Rollover Statistics: SUVs More Prone Than Cars


The National Highway Traffic Safety Administration recently reported that more SUV owners/drivers experienced rollovers compared to cars. Is your SUV among those that are more inclined to rolling over compared to the other kinds?

Additionally, the NHTSA utilizes several tests and other details to come up with the scores for the tests. They use real-time accident data, which is gathered by measuring the center of gravity. Dynamic test maneuvers are also utilized. This is done by swiftly turning a vehicle towards one side and then making a sharp turn to the opposite side, triggering a rollover.


Below is a list of vehicles that showed better statistics in terms of rollovers.

  • On top of the list was the Mazda RX-8, 4-door, sports car, which scored the highest among all the cars tested.
  • The sedan type Acura TL came in second.
  • In third place was again a Mazda brand but the compact sedan model.
  • Overall fourth was from Volkswagen, the newest Beetle Convertible.
  • The only Hyundai brand that made it to the list – at fifth – was the Tiburon Sports Coupe.
  • The Pontiac Grand Prix, which was the highest-scored American car, came in eighth and last.


The SUV brand that came in first in terms of rollover avoidance was Chrysler Pacifica’s all-wheel-drive version. It’s a crossover and is sometimes mistaken as a station wagon. Guess what vehicle finished lowest on the list? It was the Sport Trac 4×2 from Ford Explorer. Also at equal levels were the Chevy Tahoe, Mercury Mountaineer, and the GMC Yukon.

What Causes SUVs Or Cars To Roll Over?

Some noteworthy details were revealed along with the ratings. One of these was that while the stability of a low-riding sedan increases at the passengers increase, the opposite occurs in high-riding SUVs. They become more unstable as the passenger load increases. This information came from reliable car manufacturers, car analysts, and vehicle owners themselves. The stability of a vehicle is highly dependent on a range of factors, including the design of the suspension system, the height of the vehicle, tire grip, weight of the sunroof, and the distance between tires.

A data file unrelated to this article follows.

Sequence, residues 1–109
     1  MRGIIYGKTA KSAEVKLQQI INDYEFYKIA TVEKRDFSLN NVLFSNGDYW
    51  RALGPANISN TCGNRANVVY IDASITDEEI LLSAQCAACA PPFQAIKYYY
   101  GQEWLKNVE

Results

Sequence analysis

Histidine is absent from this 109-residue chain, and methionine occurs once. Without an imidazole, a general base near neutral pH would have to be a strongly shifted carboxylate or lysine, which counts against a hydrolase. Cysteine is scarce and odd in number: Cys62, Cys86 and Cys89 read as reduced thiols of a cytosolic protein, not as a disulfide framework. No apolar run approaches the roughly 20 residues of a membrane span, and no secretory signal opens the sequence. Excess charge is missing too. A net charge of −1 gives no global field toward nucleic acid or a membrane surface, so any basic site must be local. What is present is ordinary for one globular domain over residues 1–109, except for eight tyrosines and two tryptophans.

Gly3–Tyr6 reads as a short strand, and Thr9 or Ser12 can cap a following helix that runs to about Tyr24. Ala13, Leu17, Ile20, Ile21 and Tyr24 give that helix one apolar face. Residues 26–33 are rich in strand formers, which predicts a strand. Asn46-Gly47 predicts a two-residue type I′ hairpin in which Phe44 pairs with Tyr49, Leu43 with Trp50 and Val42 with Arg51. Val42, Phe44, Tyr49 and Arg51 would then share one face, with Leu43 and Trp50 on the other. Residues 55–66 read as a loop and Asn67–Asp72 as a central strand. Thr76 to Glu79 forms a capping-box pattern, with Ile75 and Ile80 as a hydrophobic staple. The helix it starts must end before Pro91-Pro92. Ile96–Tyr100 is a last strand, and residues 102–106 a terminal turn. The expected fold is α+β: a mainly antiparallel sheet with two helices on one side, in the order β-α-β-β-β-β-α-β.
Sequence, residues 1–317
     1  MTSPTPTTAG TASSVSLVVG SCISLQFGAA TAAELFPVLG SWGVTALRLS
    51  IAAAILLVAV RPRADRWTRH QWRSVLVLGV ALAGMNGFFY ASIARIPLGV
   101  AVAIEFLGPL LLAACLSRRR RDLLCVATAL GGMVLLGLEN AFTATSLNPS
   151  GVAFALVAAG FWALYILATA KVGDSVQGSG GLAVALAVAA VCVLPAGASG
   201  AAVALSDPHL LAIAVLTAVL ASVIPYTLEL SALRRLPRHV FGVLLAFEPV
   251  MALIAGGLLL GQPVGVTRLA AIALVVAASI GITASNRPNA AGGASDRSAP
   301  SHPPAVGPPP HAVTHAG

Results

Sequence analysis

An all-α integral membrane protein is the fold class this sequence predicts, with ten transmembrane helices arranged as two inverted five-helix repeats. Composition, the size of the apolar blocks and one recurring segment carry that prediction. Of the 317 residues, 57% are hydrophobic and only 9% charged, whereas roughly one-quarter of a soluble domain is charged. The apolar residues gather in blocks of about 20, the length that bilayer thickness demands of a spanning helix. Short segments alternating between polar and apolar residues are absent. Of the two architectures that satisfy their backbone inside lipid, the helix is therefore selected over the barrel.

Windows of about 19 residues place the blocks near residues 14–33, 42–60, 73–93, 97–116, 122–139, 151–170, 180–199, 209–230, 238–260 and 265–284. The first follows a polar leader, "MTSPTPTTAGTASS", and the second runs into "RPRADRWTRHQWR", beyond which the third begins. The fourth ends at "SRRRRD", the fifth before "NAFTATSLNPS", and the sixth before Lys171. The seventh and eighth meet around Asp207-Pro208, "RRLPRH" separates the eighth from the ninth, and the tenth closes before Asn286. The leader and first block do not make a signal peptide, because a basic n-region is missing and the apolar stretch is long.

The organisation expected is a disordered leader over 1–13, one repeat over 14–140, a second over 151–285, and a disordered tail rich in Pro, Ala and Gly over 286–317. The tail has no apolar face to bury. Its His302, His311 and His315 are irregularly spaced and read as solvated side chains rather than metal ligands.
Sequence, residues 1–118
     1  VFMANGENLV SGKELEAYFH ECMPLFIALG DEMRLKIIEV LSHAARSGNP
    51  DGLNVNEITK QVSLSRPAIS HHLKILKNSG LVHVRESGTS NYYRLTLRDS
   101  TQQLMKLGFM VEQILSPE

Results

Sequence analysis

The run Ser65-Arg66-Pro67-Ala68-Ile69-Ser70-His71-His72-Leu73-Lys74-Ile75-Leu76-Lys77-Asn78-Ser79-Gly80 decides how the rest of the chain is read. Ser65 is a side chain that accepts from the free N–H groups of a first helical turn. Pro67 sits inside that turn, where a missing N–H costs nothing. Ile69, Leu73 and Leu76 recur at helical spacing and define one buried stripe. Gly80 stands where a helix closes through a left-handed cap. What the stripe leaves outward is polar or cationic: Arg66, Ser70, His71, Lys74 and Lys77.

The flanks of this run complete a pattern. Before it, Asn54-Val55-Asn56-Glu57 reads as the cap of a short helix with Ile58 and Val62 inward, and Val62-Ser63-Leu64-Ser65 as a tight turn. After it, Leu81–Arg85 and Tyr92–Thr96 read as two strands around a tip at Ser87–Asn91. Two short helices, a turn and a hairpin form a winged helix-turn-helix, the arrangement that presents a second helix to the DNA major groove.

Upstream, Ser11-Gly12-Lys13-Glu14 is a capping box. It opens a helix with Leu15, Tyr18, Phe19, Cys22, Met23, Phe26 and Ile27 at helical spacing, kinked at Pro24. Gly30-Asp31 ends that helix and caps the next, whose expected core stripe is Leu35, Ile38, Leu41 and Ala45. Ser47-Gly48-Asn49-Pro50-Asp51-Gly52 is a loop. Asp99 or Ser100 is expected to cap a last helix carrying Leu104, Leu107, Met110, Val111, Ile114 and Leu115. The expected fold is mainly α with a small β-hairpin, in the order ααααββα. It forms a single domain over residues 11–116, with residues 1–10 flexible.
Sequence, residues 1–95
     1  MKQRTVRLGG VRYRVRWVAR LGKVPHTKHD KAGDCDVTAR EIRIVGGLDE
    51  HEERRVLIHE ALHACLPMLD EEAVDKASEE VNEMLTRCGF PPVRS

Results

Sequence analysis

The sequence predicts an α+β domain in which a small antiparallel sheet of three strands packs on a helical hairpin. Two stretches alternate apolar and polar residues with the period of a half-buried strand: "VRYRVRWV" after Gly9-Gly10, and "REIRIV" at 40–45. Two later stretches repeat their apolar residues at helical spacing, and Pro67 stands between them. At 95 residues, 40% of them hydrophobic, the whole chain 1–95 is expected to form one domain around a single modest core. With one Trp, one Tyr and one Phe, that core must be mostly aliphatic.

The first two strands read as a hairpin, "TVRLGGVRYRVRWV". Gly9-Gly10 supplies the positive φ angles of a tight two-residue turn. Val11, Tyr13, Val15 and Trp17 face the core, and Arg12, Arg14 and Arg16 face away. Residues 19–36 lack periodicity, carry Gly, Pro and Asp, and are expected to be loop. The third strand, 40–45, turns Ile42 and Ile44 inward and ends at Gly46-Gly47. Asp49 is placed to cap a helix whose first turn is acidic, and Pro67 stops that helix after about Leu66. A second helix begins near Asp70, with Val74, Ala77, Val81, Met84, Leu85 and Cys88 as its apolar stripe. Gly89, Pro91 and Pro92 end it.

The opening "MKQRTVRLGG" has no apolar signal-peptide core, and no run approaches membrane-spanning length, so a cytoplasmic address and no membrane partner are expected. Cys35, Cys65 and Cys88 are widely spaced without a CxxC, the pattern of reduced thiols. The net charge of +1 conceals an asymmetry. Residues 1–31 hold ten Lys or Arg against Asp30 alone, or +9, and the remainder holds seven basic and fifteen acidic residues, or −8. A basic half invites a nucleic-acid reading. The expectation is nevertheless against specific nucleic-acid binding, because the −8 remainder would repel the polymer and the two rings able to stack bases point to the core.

Government data released recently also showed that about 75% of all occupants who died in rollovers were not using their seatbelts. This is probably the most disturbing information coming from government sources. This only means that if you have an SUV, you may not have scored well per the guidelines of the NHTSA, but it’s safer for you to buckle up, including your passengers, of course.



Information from varying sources agrees that any brand or category of vehicle is susceptible to rollovers. Higher and narrower vehicles like pickup trucks, vans, and SUVs are prone to roll over more than conventional cars because their top parts are heavier, and their center of gravity is located much higher. When these vehicles turn into a curve, the gravity is shifted to one side, which may cause a rollover. This is not to say that when you turn, turning alone causes the rollover. In several situations, vehicles run over a curb or trips, causing them to shift and rollover.



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